Friday, March 24, 2017
Having been through it a few times, we've all come to understand that Senate hearings on Supreme Court nominees reveal exactly nothing. Neil Gorsuch, it turns out, believes in following the law. He thinks no one, not even a president, is above the law. These attestations are the equivalent of a surgeon promising to wash her hands and put on gloves before poking around in your entrails.
And we know senators of the nominee's party will try to get at how much they love their mother, and those of the other side will try to get him or her to commit to certain judicial views or to comment on various Court decisions from the past. The nominee will, of course, not. When, like Gorsuch did, the last few Republican nominees stated one thing or another is "settled law," it has turned out to mean, "look out!"
Given the powerlessness of Democrats, it's a foregone conclusion that he'll be approved. (Unless a couple of R Senators take to heart the concept of waiting to see if Trump is going down.) Still, I think there have been some points made that, in a rational world which might or might not exist in some parallel universe, would cause a nominee (and American citizens) to stop and think.
In particular, Senator Sheldon Whitehouse's disquisition on the countless 5-4 decisions in favor of corporations and against individuals, and his comments on the combined $17 million spent by shadow groups to prevent a hearing on Merrick Garland and to promote Neil Gorsuch, are worthy of notice. What, he wondered, did those unknown (thanks to "Citizens United") corporatists expect to get for the money spent? It's worth a viewing. So is Al Franken's time in the barrel.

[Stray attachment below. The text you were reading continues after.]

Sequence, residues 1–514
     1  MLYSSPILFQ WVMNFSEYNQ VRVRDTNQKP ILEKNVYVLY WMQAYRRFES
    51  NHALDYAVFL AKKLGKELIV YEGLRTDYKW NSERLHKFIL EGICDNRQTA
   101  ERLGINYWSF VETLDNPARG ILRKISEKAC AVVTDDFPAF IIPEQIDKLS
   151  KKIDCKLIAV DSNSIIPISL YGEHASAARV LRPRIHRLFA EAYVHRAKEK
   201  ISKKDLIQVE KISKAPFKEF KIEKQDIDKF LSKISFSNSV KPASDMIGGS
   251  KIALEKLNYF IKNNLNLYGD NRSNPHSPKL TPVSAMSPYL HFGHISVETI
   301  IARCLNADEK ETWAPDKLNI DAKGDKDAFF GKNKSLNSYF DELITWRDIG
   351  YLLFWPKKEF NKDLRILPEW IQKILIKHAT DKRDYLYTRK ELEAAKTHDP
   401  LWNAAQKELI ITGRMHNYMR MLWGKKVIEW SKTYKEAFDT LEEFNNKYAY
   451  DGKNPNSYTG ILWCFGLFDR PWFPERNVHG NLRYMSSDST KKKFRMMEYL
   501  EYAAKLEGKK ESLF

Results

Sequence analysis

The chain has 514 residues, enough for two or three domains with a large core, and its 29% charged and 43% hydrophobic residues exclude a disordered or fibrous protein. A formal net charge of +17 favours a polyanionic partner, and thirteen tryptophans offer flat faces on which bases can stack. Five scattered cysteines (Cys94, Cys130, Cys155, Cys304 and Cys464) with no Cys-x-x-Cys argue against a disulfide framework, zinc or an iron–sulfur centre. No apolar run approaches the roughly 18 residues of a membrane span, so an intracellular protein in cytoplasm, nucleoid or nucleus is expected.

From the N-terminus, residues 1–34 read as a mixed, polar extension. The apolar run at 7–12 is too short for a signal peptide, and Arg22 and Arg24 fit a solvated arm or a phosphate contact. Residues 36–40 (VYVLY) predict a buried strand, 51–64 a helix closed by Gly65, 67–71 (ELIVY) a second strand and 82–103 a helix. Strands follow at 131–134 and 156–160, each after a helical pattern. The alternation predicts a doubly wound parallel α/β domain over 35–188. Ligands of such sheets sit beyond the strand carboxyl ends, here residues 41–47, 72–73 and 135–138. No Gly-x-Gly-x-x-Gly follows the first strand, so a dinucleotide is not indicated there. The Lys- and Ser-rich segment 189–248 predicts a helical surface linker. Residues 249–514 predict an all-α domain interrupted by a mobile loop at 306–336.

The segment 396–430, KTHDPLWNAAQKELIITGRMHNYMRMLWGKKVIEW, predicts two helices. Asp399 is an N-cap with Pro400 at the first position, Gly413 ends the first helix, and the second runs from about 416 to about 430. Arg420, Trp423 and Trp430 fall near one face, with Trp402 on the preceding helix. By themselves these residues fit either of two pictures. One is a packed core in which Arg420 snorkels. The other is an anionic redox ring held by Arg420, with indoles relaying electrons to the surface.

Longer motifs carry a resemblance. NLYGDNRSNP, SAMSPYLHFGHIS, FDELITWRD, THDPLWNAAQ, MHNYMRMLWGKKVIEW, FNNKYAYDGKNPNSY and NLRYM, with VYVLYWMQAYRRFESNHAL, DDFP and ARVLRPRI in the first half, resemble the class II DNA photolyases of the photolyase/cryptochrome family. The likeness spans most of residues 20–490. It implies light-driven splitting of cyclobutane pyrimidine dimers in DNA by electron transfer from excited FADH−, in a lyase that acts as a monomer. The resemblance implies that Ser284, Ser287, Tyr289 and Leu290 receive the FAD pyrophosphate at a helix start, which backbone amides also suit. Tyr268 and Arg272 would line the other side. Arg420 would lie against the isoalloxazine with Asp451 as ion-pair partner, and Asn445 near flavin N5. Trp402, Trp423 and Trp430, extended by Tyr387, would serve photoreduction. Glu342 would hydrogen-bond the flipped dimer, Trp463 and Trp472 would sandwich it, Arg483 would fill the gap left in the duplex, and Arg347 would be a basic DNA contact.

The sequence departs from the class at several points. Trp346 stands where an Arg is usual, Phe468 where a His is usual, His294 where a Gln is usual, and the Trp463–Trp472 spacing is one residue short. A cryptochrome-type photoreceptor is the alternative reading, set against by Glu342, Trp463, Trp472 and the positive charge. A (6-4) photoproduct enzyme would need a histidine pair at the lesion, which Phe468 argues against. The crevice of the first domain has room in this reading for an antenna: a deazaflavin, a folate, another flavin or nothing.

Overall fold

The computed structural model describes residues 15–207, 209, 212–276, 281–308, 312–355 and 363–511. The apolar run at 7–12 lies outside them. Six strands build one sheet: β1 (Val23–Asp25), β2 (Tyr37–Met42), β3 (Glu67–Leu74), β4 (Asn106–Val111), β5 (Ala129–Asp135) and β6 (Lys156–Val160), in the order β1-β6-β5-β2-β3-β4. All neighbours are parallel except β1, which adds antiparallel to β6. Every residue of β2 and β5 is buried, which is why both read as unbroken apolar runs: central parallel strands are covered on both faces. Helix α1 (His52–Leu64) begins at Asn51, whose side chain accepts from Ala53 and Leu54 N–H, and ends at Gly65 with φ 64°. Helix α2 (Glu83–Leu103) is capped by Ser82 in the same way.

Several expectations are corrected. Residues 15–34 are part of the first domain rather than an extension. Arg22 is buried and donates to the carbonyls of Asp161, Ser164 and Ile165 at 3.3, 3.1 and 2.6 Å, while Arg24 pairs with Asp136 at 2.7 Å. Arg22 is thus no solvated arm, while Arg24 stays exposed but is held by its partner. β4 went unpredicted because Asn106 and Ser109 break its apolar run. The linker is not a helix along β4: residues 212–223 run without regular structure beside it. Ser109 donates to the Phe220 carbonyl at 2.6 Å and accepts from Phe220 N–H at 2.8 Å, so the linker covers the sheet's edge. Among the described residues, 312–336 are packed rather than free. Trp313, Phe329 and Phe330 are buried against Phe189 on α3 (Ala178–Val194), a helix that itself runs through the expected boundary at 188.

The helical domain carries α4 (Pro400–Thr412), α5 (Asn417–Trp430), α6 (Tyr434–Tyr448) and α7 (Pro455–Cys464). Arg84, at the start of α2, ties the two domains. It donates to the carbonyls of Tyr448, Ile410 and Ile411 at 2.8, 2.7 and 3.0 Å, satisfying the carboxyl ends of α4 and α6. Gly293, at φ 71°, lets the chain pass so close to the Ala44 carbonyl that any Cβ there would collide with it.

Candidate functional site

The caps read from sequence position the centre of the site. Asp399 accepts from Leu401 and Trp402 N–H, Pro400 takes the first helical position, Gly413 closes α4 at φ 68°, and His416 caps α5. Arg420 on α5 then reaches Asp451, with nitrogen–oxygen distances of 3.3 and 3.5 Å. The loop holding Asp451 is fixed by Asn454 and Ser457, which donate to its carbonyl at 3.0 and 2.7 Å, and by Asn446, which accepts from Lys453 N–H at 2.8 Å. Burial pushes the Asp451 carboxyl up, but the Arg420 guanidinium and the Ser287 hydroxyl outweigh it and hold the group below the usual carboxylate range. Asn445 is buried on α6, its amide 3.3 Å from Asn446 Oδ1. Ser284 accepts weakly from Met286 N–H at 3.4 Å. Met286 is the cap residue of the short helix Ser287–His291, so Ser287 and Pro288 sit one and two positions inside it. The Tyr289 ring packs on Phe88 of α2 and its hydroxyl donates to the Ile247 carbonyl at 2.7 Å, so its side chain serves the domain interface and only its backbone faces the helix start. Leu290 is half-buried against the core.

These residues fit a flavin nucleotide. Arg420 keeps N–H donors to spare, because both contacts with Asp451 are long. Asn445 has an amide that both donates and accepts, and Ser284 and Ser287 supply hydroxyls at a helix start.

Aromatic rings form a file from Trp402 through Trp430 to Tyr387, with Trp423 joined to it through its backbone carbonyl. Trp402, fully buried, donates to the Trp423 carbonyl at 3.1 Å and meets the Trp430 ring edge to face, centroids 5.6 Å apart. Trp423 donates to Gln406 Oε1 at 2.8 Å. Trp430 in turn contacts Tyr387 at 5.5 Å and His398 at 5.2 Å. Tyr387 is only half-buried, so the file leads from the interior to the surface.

Pretenses from both sides notwithstanding, nominations to the Supreme Court are anything but apolitical. They're as political as it gets. Thus, Mitch "Hypocrisy is Us" McConnell's blocking of even a hearing for Garland. Thus John Roberts' lie about "calling balls and strikes."
It's indisputable, as demonstrated by those 5-4 decisions and the predictable sides taken, that most cases making it to the Supreme Court have legitimate legal arguments on both sides. Which means decisions are based not on strict interpretation of the law but on political prejudices; or, more generously, colored by life experiences. "Original intent" is a shibboleth.
So whereas my inclination, having grown up in the home of a state Supreme Court judge, is to look only at whether a person is qualified (which Gorsuch is), the reality is that it's not unreasonable for senators to consider a nominee's political persuasion and vote accordingly. It is, after all, what motivates their decisions and it's the reason they were nominated in the first place. And there's a lot at stake.
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